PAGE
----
Tidy Text Analysis

## Introduction

### Tidy Tools

One of the many great new packages to grace the R ecosystem in the last few years has been tidytext by Julia Silge & David Robinson. It has allowed R users familiar with the tidyverse suite of packages to apply these ‘tidy tools’ to text data.

If you’re not currently an R tidyverse user fear not! This tutorial has been designed with beginners in mind and will introduce you the fundamentals of a ‘tidy’ data analysis pipeline and how to integrate natural language data into this workflow using the tools provided by tidytext. It will also touch on using the ggplot2 package to visualise the results of your analysis.

So let’s get cracking…

### Key concept: the pipe %>%

In R, we can use the %>% operate to ‘pipe’ data from one function to another. Most functions in the tidyverse take a data frame as the first input and send out a modified version of that data frame as the output. The pipe does the job of taking the output of one function and sending into the first input of the next function.

This means we can write code like the below, that starts with a data frame and ‘pipes’ it along a series of functions, each one receiving the output of the function above it, until we get the data into the shape we need it.

It also allows you to write very readable code that can be read like a sentence with the pipe linking the pieces of the story together with a “and then…” conjunctive.

data_set %>%
do_this_thing() %>%
now_this_thing() %>%
one_last_thing()

Now to some data…

### Our Test Data

We have a data frame named hp_text loaded in our environment with the entire text of all Harry Potter books!

In R, simply running code with the name of a data frame will print out a sample of its contents.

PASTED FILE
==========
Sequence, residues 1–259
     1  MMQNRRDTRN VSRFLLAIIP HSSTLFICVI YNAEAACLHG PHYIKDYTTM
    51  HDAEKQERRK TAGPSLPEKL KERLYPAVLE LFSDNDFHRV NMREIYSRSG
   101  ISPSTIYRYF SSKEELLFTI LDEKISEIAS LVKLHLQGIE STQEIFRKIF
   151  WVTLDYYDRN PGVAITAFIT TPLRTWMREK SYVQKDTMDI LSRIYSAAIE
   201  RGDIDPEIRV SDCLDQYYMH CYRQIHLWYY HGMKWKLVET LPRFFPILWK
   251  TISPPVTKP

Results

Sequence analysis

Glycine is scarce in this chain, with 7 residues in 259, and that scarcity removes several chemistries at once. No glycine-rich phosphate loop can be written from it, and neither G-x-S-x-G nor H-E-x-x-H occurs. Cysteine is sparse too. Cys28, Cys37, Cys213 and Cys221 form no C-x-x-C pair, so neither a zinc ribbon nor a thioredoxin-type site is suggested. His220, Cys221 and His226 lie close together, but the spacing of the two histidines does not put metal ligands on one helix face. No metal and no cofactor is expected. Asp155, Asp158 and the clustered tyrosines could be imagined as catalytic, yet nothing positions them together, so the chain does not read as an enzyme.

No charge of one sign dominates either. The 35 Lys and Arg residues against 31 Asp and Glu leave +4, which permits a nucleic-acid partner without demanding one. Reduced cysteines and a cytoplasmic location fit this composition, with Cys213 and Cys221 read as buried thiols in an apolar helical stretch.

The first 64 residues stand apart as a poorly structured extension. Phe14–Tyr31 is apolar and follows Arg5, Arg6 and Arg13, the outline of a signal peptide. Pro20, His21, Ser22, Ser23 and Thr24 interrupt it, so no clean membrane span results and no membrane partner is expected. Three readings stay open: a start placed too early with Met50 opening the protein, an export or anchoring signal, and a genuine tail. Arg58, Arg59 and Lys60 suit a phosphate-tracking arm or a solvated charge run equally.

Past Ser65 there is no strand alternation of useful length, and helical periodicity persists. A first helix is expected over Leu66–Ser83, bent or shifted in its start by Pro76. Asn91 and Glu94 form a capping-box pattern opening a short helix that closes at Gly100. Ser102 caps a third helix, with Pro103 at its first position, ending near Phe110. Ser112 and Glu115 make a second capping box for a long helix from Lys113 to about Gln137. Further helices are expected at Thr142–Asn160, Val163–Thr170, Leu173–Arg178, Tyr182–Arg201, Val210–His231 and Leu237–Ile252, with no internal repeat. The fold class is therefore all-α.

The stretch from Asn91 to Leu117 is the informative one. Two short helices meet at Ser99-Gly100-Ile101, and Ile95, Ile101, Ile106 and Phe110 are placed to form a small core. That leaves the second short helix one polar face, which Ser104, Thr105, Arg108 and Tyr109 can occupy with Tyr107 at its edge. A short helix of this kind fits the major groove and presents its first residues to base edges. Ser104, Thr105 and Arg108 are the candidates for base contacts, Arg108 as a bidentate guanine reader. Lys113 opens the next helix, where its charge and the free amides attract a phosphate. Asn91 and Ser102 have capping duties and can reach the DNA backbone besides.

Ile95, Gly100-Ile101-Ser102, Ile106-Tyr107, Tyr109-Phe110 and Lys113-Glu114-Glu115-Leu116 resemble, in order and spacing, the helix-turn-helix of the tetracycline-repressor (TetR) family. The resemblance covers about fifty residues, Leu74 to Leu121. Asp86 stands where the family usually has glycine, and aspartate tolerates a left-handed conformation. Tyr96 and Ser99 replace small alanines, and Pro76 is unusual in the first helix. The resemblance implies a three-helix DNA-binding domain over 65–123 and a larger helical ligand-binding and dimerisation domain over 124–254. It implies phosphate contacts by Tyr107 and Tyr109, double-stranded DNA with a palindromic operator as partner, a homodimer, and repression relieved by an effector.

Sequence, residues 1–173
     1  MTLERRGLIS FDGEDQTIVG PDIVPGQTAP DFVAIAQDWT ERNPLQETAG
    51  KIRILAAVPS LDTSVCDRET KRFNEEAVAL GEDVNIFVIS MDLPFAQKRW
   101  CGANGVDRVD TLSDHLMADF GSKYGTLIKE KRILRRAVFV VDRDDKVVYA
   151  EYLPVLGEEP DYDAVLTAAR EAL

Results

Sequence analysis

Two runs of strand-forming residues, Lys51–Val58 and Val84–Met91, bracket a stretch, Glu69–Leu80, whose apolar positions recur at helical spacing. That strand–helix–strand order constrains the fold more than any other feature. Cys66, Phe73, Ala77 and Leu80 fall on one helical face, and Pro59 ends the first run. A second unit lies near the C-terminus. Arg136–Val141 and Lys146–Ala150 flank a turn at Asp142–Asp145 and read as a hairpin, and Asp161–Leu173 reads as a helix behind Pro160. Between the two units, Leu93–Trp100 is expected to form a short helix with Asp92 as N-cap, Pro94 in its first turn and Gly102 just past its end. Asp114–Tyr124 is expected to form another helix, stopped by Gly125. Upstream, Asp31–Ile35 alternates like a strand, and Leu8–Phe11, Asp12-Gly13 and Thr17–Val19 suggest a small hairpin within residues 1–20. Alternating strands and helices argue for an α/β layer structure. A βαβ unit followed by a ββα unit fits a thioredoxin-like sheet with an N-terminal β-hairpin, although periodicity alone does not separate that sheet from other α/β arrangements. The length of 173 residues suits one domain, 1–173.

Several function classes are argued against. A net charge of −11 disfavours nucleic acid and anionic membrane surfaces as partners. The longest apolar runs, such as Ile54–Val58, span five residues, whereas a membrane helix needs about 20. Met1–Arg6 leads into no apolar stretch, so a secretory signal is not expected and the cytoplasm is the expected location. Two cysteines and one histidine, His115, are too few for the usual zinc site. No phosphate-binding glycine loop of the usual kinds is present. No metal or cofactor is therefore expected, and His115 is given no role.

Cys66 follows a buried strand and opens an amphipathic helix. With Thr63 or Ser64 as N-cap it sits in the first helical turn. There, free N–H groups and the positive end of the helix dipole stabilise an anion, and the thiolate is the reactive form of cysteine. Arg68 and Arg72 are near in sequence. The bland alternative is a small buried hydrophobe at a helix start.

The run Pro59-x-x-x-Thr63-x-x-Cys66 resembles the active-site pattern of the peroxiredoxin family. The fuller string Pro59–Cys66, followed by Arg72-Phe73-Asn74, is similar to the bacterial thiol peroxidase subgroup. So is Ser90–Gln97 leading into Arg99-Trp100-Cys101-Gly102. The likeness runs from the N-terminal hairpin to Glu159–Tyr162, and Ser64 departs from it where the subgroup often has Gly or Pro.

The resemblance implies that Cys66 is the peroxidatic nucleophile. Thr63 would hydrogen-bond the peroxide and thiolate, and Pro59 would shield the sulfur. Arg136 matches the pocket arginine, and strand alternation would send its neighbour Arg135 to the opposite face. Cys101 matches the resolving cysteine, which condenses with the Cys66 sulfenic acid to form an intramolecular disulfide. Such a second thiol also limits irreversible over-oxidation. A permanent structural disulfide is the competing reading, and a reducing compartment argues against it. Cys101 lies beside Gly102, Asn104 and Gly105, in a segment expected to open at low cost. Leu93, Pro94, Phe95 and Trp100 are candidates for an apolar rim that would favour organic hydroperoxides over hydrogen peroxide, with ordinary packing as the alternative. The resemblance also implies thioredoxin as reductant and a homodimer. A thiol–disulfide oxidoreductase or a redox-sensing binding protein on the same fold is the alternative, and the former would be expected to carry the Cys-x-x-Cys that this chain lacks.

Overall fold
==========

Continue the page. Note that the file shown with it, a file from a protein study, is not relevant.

So run the code chunk below to have a look at what we’ve got…

hp_text

Because this is a special type of data frame known as a ‘tibble’, we get a useful print out of the data telling us how many rows and columns we have, the type of data in each column (<fct>, <int>, <chr>), and a sample of the first 10 rows of data.

We can see our data has book, chapter, and text columns. Our first task is to tidy the data to prepare it for analysis…

## Step 1: Tidying Up

### unnest_tokens()

Each row of our data contains the entire text for each chapter of each book. But to analyse this data using tidyverse tools, we need to reduce each row down to a more meaningful unit of text, know as a token.

When we talk about ‘tidy text data’ we are referring to a table with one-token-per-row. In this case, we are going to define a token as a single word. We can then perform various forms of text analysis on a row-by-row basis and derive some insight from each token of text.

Luckily, there is a single function from the tidytext package that will perform this laborious task for us called unnest_tokens(). Fill in the blank below with the function name to see how it transforms the Harry Potter data set.

The output argument is name of the new column that is going to be created. Since we’re unnesting down to a single word, let’s call that word.

The input argument is the name of the column in the current data set that contains the text. In our case that is text.

hp_text %>%
___(output = ___, input = ___) 
hp_text %>%
unnest_tokens(output = word, input = text)

### What did unnest_tokens() do?

• Other columns have been retained
• Punctuation has been stripped
• Words have been converted to lower-case

## Step 2: filtering out ‘stop words’

Now that the data is in one-word-per-row format, we can manipulate it with tidy tools like dplyr.

Often in text analysis, we will want to remove stop words; stop words are words that are not useful for an analysis, typically extremely common words such as “the”, “of”, “to”, and so forth in English.

The tidytext package provides a stop_words data set that looks like this…

stop_words
## # A tibble: 1,149 x 2
##    word        lexicon
##    <chr>       <chr>
##  1 a           SMART
##  2 a's         SMART
##  3 able        SMART
##  5 above       SMART
##  6 according   SMART
##  7 accordingly SMART
##  8 across      SMART
##  9 actually    SMART
## 10 after       SMART
## # ... with 1,139 more rows

We can remove stop words with an anti_join(). This is known as a filtering join operation that works by removing any words in our data set that also appear in the stop words data set.

Fill out the blanks with the name of the function and the name of the data set containing stop words to filter out any stop words in the Harry Potter data. The by = "word" argument tells the join function that we would like it to anti-join on the word column in each data set.

hp_text %>%
unnest_tokens(output = word, input = text) %>%
___(___, by = "word")
hp_text %>%
unnest_tokens(output = word, input = text) %>%